Genetics and Genealogy

I envy those researchers that can say I’m here and descend from there on any given line.  I’m unable to do that because not only do I have a great grandfather with an assumed surname, but I also have Native American ancestry that I haven’t mastered the art of researching yet.

I am not an expert on DNA nor am I a certified genealogist.  I’m learning as I go and finding my way.  There are all kinds of tools available and scientific data that I may be interested in later, but for now I have another agenda in my research.

As far as I know, there are presently three types of DNA being used for the purposes of genealogy research; mtDNA, YDNA, and Autosomal DNA.

mtDNA is passed from mother to daughter to daughter, etc.  In my genetic line it reads Plunk, Haywood, Bridges, Pugh, Routon, Gilliam, Robertson,  and Woolridge,   Women only inherit this from their mother, however, men also inherit this as well.  I have two half brothers and all three of us have different mothers, so each of my half brothers inherited mtDNA from their respective mother, and on up her female line.  The three of us would have totally different mtDNA.

YDNA is inherited only by the male and is passed from father to son to son to son, etc.  If I wanted to use genetics to trace my Native American ancestry, one of my half brothers would have to test since we all have the same genetic male line.

Autosomal DNA is inherited across all lines, male and female, and the results are “genetic” cousins.  The test can’t tell you though which of those ancestors you and a match have in common.  This takes a lot of work finding the connection.  For instance, every one has two parents, four grand parents, eight 2d great grandparents, 16 3rd great grandparents, 32 4th great grandparents.  The test will tell you the degree of kinship you have with your match and then you have to compare your ancestors with theirs to find who you have in common.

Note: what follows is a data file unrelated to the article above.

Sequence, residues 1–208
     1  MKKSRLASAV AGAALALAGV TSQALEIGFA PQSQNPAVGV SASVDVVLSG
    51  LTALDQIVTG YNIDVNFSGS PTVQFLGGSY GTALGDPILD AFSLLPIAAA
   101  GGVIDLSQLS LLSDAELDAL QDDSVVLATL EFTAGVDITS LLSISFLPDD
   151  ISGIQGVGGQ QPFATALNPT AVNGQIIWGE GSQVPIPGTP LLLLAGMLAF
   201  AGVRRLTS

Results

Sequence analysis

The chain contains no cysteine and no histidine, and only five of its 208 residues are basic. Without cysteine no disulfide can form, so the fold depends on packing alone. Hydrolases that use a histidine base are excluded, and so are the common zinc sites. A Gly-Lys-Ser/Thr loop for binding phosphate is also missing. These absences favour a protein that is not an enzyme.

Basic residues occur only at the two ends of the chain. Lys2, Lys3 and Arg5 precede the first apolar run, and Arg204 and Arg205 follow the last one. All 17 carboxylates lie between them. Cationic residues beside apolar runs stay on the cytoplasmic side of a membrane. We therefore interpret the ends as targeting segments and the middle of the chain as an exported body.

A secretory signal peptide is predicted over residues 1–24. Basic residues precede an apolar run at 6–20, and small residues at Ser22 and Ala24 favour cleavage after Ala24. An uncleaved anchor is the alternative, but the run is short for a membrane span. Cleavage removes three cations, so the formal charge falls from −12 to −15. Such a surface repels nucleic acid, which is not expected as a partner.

I am attempting to use all of these DNA tests in an effort to identify the unknown biological parents of my great grandfather. 

The YDNA test works great if you find a match, but apparently his YDNA is rare in that in all of the hundreds of thousands of men that have tested, I have only found one exact match who is apparently also from an assumed surname line.

The mtDNA test is useful in that I did this along with the Autosomal test.  By comparing my matches from the Autosomal test to the results of the mtDNA I will eventually figure out which one of them match my mtDNA line.

Hopefully, the Autosomal test will lead me to the biological mother, or even father, of my great grandfather.  At present, I’ve been matched with approximately 300 genetic cousins.   Ideally, those matches would have uploaded their gedcom (tree) and I could take a look to see where we might have a common ancestor, or be willing to share their 2d and 3rd great grandparent information.  It’s heartbreaking when you run across the ones that want your information and won’t give you anything in return, but thankfully, the majority of the people I’ve met are very giving and sympathetic to my cause.

 

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